Holes in the Bucket

The SEC accused Ray Lucia Sr., a nationally syndicated radio personality, of misleading potential clients about his “Buckets of Money” investment strategy which he promoted on the air, at investment seminars and in books he authored.  Lucia, an advisor in the San Diego, Calif. area whom REP. named one of its Outstanding Advisor Award winners in 2004, claimed he had successfully tested his strategy using historical data, but the SEC said he performed “scant, if any” backtesting, and the strategy’s value wasn’t proven. The agency said the only testing that occurred involved some calculations made in the 1990s, copies of which no longer existed, and two “cursory” spreadsheets. The calculations included an artificially low inflation rate, failed to include the effect that Lucia’s fees would have had on the results, and didn’t allocate funds in the manner that Lucia’s strategy actually called for, the SEC added. During his seminars, Lucia claimed “Buckets of Money” would provide inflation-adjusted income to retirees while protecting and even increasing their retirement savings. Lucia’s radio program, “The Ray Lucia Show,” was nationally syndicated in 2000.

Bonding Bad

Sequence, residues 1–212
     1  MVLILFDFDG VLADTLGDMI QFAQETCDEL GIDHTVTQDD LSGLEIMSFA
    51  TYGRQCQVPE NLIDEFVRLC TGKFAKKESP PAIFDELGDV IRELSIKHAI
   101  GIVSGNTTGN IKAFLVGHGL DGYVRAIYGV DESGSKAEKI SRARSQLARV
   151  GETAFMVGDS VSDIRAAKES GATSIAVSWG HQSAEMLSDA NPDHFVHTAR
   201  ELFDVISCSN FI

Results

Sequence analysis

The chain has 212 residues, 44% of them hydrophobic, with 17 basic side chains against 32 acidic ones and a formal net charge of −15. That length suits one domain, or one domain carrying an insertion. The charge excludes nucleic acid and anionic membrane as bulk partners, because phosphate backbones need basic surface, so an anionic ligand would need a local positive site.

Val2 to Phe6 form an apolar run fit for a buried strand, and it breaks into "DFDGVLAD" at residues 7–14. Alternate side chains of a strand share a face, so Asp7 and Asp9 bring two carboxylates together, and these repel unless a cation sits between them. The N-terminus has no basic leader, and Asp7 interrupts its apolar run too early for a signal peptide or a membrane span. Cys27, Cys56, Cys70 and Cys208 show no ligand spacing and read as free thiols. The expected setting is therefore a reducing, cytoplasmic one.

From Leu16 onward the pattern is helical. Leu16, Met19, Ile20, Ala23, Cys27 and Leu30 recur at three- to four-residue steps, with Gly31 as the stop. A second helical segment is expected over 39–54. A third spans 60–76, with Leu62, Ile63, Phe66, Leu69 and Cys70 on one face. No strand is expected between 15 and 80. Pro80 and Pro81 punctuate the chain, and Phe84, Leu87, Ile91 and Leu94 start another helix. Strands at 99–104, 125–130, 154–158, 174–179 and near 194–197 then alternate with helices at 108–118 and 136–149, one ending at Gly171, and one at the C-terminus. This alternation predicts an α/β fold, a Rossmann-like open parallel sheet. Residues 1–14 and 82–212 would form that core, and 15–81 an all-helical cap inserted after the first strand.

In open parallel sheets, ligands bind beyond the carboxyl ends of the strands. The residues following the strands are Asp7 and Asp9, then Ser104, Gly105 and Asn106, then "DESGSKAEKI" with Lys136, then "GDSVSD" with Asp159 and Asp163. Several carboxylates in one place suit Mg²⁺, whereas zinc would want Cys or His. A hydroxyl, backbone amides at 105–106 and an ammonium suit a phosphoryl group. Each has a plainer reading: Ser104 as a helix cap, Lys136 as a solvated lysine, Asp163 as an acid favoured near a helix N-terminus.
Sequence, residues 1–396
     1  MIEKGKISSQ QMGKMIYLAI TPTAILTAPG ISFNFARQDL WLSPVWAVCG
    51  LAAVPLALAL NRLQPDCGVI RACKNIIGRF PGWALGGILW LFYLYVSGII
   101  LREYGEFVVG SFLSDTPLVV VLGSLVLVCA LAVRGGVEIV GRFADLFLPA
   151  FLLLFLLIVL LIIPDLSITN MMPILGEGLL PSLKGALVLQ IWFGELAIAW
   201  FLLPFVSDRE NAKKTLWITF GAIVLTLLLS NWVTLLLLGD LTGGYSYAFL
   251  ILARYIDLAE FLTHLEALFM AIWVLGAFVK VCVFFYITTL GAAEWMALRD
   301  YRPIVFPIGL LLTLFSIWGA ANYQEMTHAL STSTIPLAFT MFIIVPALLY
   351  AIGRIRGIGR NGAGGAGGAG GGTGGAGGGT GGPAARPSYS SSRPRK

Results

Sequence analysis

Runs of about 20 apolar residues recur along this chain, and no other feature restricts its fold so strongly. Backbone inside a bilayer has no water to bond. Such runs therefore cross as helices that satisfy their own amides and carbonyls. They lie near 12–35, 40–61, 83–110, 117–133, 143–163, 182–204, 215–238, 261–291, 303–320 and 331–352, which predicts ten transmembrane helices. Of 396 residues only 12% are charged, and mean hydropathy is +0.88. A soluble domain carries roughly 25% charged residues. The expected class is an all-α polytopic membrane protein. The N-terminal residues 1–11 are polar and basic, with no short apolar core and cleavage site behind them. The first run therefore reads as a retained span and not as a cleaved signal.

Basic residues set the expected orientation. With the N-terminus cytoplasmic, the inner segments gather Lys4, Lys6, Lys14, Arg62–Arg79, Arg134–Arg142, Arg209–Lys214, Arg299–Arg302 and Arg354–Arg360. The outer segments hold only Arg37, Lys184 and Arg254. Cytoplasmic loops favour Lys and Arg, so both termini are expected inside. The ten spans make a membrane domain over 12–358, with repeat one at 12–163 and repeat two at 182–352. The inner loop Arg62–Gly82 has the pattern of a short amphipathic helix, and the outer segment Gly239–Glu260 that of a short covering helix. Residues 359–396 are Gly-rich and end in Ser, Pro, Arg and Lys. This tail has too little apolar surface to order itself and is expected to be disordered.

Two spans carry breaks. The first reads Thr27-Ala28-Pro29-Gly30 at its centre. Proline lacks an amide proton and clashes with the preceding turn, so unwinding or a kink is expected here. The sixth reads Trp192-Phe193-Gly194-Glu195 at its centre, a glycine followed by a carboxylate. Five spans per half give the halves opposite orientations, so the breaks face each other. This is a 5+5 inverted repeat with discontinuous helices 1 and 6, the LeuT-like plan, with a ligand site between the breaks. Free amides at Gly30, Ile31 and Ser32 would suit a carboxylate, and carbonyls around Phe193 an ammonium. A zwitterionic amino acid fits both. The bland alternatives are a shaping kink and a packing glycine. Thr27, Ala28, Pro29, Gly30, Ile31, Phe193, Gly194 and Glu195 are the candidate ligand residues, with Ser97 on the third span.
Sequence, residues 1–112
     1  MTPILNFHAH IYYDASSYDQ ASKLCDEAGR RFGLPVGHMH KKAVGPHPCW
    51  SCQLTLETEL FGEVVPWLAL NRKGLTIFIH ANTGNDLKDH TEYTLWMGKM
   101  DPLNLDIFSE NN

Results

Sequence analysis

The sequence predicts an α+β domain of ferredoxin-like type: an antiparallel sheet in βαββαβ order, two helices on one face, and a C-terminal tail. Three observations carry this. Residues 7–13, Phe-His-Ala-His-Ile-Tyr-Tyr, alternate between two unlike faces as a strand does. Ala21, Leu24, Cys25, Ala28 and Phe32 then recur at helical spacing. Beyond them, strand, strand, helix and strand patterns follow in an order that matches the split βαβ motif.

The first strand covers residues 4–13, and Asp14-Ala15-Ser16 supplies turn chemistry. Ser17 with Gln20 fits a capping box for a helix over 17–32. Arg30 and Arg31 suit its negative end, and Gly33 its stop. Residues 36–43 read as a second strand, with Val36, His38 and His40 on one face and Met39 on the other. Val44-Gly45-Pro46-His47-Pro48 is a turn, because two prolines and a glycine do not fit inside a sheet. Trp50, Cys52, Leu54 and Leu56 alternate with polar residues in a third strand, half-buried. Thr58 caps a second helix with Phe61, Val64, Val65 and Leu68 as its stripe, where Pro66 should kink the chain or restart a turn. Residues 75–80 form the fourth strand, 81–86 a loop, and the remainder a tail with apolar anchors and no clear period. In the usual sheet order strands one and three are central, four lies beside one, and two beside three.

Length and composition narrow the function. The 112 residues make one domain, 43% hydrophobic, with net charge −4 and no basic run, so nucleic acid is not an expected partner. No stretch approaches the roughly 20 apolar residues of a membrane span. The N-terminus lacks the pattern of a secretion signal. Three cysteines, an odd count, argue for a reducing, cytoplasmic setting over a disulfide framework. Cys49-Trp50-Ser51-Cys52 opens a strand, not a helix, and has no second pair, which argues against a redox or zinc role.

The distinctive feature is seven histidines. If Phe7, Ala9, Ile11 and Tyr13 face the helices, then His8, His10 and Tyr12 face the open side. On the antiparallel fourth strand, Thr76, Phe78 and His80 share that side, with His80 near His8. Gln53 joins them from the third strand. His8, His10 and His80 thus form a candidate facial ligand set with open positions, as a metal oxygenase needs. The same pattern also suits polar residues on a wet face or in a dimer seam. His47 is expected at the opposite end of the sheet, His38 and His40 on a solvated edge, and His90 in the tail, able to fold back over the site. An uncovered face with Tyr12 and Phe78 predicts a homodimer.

The New York-based investment advisory firm ICP Asset Management and founder/president Thomas C. Priore agreed to pay more than $23 million to settle an SEC court case accusing them of fraud in connection with several collateralized debt obligations they managed. The SEC in 2010 accused ICP and Priore of mismanaging Triaxx CDOs, whose assets primarily consisted of mortgage-backed bonds. As mortgage markets deteriorated starting in 2007, ICP caused Triaxx clients to overpay for bonds in order to protect other ICP clients from realizing losses, or to create profits for ICP, the SEC said. In one case, ICP arranged for a CDO to buy about $22 million of mortgage bonds from another client account at $75 a bond even though ICP had bought the same bonds for that account earlier in the day at $63.50 a bond. The trade cost the CDO $2.5 million. ICP also arranged for several Triaxx CDOs to buy bonds from another CDO at artificially-inflated prices to help the latter meet the margin calls of one of its creditors. Priore and ICP consented to the settlement without admitting or denying the SEC’s allegations. Priore has been barred from the industry for at least five years.